Defendants also place great emphasis on testimony elicited from Dr. Cohen in response to a hypothetical question posed by defense counsel “based on [plaintiff's] testimony.” Defendants asked Dr. Cohen to assume, hypothetically, that the Commission found the facts to be as defendants contended, based on plaintiff's testimony that the incident on 1 April 2014 was simply another instance of the “exact same pain” he had previously experienced. Given those facts, defendants asked Dr. Cohen to assign percentages to the relative contribution to plaintiff's need for surgery arising from plaintiff's prior injury and from the injury on 1 April 2014. In response, Dr. Cohen testified that under that hypothetical set of facts, plaintiff's 2010 injury contributed 70% to his condition in 2014, while plaintiff's 1 April 2014 incident contributed 30% to his need for surgery. However, as discussed below, the Commission did not adopt defendants' position in its findings of fact, rendering defendants' hypothetical question of little relevance to our analysis.

In contrast, the appellees' position is that plaintiff experienced an injury by accident as a result of a specific traumatic incident occurring on 1 April 2014. Appellees' argument is supported by Dr. Cohen's testimony, which was based upon his examination of plaintiff on 11 April 2014, his review of an MRI conducted shortly thereafter, and his experience in reviewing “thousands” of MRIs. Dr. Cohen testified to the following observations:

1. When Dr. Cohen saw plaintiff on 11 April 2014, plaintiff presented with a “significant change” in his symptoms. Compared to plaintiff's prior physical examinations, plaintiff now had a “profound weakness” in his left leg.

2. Prior to 1 April 2014, plaintiff had never needed or asked to be written out of work. Dr. Cohen had no knowledge that plaintiff had ever missed work due to back pain and, if he had, Dr. Cohen had not authorized it.

3. Dr. Cohen reviewed four MRIs performed in July 2010, February 2011, August 2012, and April 2014. The first three showed the expected results of his back surgery. However, the April 2014 MRI for the first time showed a left foraminal and left lateral disc herniation at L4–L5. Dr. Cohen testified that “there has certainly been an injury to cause this.”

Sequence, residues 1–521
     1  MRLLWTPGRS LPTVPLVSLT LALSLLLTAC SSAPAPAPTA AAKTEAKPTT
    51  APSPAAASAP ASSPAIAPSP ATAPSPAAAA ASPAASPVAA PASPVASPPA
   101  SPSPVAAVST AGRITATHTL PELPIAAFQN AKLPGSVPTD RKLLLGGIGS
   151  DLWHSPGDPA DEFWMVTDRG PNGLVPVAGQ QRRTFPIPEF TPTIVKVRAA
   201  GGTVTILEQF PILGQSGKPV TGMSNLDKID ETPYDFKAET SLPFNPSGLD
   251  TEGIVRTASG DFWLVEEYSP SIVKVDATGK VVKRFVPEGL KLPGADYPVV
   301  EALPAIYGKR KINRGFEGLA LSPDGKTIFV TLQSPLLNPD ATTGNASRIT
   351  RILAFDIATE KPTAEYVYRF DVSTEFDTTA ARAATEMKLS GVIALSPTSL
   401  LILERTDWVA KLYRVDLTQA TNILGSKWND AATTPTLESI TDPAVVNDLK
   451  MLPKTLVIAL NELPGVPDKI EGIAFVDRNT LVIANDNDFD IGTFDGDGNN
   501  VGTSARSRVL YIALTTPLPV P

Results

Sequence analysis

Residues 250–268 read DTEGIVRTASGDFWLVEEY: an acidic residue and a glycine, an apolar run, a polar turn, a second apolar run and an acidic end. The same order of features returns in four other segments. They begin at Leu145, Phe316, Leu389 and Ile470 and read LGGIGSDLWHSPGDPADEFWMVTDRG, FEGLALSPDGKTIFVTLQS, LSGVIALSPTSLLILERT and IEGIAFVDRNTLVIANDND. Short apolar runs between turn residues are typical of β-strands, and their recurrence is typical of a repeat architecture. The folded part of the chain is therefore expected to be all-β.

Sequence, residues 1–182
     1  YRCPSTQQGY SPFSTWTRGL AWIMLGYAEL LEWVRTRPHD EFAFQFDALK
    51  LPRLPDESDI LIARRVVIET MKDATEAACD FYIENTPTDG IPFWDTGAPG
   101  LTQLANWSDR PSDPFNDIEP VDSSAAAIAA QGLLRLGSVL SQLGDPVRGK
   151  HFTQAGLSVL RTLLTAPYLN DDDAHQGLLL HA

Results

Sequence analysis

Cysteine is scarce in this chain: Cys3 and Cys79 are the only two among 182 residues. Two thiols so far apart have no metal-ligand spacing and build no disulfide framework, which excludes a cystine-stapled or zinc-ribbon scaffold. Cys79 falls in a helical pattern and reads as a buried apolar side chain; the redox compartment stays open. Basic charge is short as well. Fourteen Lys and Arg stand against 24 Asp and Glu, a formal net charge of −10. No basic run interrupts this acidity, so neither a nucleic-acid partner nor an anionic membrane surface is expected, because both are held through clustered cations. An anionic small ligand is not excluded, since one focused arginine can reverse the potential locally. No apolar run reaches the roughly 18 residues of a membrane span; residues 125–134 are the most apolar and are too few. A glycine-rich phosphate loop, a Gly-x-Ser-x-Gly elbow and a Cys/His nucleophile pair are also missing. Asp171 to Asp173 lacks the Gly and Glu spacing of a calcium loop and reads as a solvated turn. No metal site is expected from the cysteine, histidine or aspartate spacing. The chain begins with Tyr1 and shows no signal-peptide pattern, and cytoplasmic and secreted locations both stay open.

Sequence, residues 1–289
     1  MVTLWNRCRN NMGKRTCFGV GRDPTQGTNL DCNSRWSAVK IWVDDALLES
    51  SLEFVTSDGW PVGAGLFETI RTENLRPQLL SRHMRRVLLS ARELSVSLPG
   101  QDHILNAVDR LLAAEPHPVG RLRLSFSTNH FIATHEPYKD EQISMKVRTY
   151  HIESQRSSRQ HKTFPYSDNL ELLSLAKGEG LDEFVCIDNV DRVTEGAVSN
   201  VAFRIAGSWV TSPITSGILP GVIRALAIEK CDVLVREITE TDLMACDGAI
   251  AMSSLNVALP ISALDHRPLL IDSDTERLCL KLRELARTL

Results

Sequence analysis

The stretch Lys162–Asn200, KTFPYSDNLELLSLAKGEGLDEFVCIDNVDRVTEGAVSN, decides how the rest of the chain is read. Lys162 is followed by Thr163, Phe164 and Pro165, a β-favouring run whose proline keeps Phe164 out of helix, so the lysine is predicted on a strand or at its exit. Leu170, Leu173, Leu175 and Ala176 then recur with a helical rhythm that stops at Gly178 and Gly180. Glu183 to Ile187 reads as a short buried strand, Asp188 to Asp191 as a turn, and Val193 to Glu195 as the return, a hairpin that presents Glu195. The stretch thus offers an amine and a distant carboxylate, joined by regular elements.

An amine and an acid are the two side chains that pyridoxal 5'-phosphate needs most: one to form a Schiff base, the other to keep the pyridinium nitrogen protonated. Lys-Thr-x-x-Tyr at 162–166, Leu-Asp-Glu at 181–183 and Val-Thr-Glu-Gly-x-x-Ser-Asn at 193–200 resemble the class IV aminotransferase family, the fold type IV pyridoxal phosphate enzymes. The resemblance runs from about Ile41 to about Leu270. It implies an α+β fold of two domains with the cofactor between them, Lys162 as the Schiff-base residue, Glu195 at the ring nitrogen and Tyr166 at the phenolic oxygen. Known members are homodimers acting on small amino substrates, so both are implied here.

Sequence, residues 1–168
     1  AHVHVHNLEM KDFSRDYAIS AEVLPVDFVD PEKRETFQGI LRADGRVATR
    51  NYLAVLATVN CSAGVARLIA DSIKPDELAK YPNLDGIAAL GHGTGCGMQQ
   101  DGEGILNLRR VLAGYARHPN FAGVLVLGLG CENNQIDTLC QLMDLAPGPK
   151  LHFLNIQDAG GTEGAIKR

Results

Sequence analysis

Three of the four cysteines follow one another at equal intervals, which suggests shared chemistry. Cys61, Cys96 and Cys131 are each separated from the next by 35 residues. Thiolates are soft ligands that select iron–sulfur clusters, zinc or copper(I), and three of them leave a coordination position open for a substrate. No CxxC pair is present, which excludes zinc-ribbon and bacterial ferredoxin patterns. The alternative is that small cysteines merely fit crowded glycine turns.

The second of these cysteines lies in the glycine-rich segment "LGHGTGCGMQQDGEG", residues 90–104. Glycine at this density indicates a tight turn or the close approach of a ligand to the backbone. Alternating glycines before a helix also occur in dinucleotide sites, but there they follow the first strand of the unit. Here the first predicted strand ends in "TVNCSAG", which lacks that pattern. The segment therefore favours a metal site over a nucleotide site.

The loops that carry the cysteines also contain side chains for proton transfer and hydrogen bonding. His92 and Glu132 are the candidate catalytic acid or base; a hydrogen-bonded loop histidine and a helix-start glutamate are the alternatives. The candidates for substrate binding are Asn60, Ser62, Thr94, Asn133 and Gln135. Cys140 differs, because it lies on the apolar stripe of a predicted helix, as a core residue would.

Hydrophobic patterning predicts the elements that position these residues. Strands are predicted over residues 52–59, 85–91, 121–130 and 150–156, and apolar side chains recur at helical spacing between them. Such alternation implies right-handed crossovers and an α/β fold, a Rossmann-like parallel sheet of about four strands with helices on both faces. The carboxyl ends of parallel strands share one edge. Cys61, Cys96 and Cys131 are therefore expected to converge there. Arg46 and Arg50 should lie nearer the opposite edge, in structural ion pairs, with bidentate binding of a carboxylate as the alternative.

4. Although plaintiff's health care providers had discussed the possibility of further surgery with plaintiff several times after July 2010, it was only after the 1 April 2014 incident that plaintiff wanted the surgery. In this regard, plaintiff testified that “after that moment, I was through. I was done. I needed the surgery after that.”

Dr. Cohen then testified that his opinion, to a reasonable degree of medical certainty, was that the incident on 1 April 2014 caused “further injury to the L4–5 disc, resulting in a large recurrent disc hernia on the left at L4–5, which ultimately resulted in the need for repeat surgery” and that he could “say with medical certainty that the herniated discs likely resulted from” the 1 April 2014 incident.

The Commission was thus presented with conflicting evidence as to whether, on 1 April 2014, plaintiff suffered a new compensable injury by accident resulting from a specific traumatic incident. The Commission resolved this question in favor of appellees, as evidenced by the following findings of fact:

22. While working at a job site for [defendants] in New York on April 1, 2014, plaintiff bent over slightly to slide a door panel[.] ․ Plaintiff testified that he could not get back up once he bent over. Plaintiff informed his supervisor of the occurrence and some co-workers helped plaintiff back to the hotel where they were staying. Plaintiff testified that he could not work after this event but remained in his hotel for four or five days until the job was completed. Plaintiff testified that the severity of the pain was such that it was all he could do to get to his hotel shower and back to the room.